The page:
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ABC 7: The Nabonidus Chronicle


Nabonidus' chronicle. British Museum, London (Britain). Photo Marco Prins.
Nabonidus Chronicle, reverse (British Museum)
The Nabonidus Chronicle is a historiographical text from ancient Babylonia. It describes the reign of Nabonidus, the last king of the Babylonian Empire, who lost his realm to the Persian king Cyrus the Great in 539 BCE. These pages present a scholarly edition; an easy-to-read version can be found here.
   
General Introduction Colum i-ii Column iii-iv Comment Literature

Summary and Significance

The Nabonidus Chronicle documents the reign of the last king of Babylonia, Nabonidus. During his first regnal years, he campaigns in the west (e.g. i.7), and then settles in Tema, an oasis in the western desert (e.g. ii.5); no explanation is offered (this never happens in chronicles) but the consequence is repeatedly stressed - the Akitu Festival could not be celebrated (e.g., ii.6). As the bottom of the tablet is missing, we do not know under which circumstances he returned to Babylon, but on the reverse of the tablet, we find the king at home again (iii.5-8).

The tablet also describes the rise of Cyrus the Great, who is first presented as the ruler of Anšan who subdued the Median leader Astyages (550; ii.1); we also learn that Cyrus -now called king of Persia- conquered Urartu in 547 (ii.16); and on the reverse, we read how -in October 539- he outmaneuvered the Babylonians in a battle at Opis (iii.12), which was followed by the killing of citizens (iii.14). Babylon is captured, Nabonidus is taken captive (iii.16), and Cyrus enters a peaceful city (iii.19). The final remarks of the tablet deal with Cambyses, who appears to have made a mistake during the Akitu Festival (iii.26), and the destruction of a gate (iv.4').

The tablet is important because it offers the chronology of the main events in the third quarter of the sixth century; this is discussed here.

About this Web Edition

Although this web edition is based on A.K. Grayson, Assyrian and Babylonian Chronicles (1975, repr.2000), it is not an exact copy of pp.104-111 of that splendid book. I have inserted the "Addenda et Corrigenda" on page 282-283. Together with several other updates, they have been indicated in the text (yellow); in the commentary, you can find who is responsible for this change - Grayson himself, Bert van der Spek, or Jona Lendering.

Too often have I seen historians misquoting information from this chronicle because they had no access to the book (and therefore, the full text), or, if they did consult the main text, forgetting to check the corrigenda. It is, for example, time and again stated that the Nabonidus Chronicle dates Cyrus' conquest of Lydia to 547; Grayson already corrected this mistake, and it has recently been established that the text in fact mentions Urartu. (The consequences for the chronology of Greece and Anatolia are discussed here.)

I like to thank Bert van der Spek, co-editor of the Babylonian Chronicles of the Hellenistic Period, for his help in preparing this web-version.

Description of the Tablet

The text of Chronicle 7 is inscribed on a large tablet, BM 35832 (Sp II 964). The tablet measures 140 mms wide and 140 mms long. Besides some surface breaks, the bottom and most of the left-hand side of the tablet is missing.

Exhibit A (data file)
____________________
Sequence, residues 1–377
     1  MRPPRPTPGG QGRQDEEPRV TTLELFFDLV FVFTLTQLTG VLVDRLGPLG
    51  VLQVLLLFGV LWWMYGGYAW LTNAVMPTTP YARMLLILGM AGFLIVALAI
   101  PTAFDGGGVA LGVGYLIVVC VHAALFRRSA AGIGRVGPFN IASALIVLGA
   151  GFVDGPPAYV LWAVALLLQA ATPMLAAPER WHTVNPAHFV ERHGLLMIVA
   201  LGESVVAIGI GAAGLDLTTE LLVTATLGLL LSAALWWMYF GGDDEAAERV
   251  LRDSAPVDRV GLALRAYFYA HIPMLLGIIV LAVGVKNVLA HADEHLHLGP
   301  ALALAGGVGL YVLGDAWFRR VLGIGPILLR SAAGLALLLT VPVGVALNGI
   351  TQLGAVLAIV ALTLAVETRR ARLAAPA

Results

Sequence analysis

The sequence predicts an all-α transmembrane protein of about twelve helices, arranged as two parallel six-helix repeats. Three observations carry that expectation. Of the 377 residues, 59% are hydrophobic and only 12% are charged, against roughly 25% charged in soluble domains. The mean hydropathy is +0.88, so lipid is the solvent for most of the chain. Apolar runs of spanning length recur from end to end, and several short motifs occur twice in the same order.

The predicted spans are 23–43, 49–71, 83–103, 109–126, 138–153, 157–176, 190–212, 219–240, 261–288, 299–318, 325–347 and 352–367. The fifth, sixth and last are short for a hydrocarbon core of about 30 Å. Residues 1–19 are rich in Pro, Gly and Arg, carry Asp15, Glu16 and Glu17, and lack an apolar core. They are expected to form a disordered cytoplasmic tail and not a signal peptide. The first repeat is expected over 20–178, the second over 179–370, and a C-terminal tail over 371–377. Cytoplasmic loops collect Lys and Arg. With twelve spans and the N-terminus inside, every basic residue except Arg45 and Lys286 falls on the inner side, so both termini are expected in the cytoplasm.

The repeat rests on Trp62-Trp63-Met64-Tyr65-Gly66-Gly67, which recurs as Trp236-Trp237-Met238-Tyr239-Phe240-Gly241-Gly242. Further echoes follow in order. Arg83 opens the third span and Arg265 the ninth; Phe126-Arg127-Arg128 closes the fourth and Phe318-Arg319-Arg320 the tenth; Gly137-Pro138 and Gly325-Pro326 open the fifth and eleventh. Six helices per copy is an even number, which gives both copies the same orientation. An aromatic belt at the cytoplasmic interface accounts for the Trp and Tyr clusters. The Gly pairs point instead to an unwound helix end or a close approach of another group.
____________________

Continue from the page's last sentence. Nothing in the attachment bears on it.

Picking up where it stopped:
Earlier Publications

  • Photograph
    • 1930, Dougherty, American Journal of Archaeology 34, p.308
  • Copies
    • 1882 T. Pinches, Transactions of the Society of Biblical Archaeology 7, pp.153-169
    • 1889 L. Abel in H. Winckler, Untersuchungen zur altorientalischen Geschichte  pp.154f
    • 1894 O.E. Hagen, Beiträge zur Assyriologie 2, 2 plates between pp.248f which are reproduced in Der Alte Orient 13/3 (1912) pp.12f
    • 1924 S. Smith, Smith, Babylonian Historical Texts Relating to the Capture and Downfall of  Babylon, pls.XI-XIV
  • Editions
    • 1882 T. Pinches, Transactions of the Society of Biblical Archaeology 7, pp.139-176
    • 1890 E. Schrader, Keilinschriftlicht Bibliothek 3/2 pp.128-137
    • 1894 O.E. Hagen, Beiträge zur Assyriologie 2, pp.214-225, 235-248
    • 1924 S. Smith, Smith, Babylonian Historical Texts Relating to the Capture and Downfall of  Babylon, pp.98-123
  • Translations only
    • 1926 E. Ebeling, in: H. Gressman, ed., Altorientalische Texte zum Alten Testament, 2nd edition pp.366-368
    • 1955 A.L. Oppenheim, in: J.B. Pritchard, Ancient Near Eastern Texts Relating to the Old Testament, revised edition, pp.305-307
  • Studies
    • 1882 T. Pinches, Transactions of the Society of Biblical Archaeology 7, pp.153-169
    • 1925 H. de Genouillac, Revue d’Assyriologie 22, pp.80 ff
    • 1925 S. Langdon, Journal of the Royal Asiatic Society 1925, pp. 165f, 168f
    • 1925 S. Smith, Journal of the Royal Asiatic Society 1925, p.299
    • 1927 B. Landsberger and T. Bauer, Zeitschrift für Assyriologie 37, pp.61-66
    • 1944 S. Smith, Isaiah Chapters XL-LV, Literary Criticism and History (Schweich Lectures, Oxford), Lecture II
    • 1950 W. Albright, Bulletin of the American Schools of Oriental research 120, p.23
    • 1964 K. Galling, Studien zur Geschichte Israels (Tübingen) pp.8-22
    • 1965 H. Tadmor, Studies Landsberger, pp.351-363
    • 1971 W.H. Shea, Andrews University Seminary Studies 9, pp.51-67, 99-128
    • 1972 W.H. Shea, Andrews University Seminary Studies 10, pp.88-117, 147-178
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General Introduction Colum i-ii Column iii-iv Comment Literature
© A.K. Grayson
Webedition by Jona Lendering
Online 2008
Revision: 23 Jan 2009
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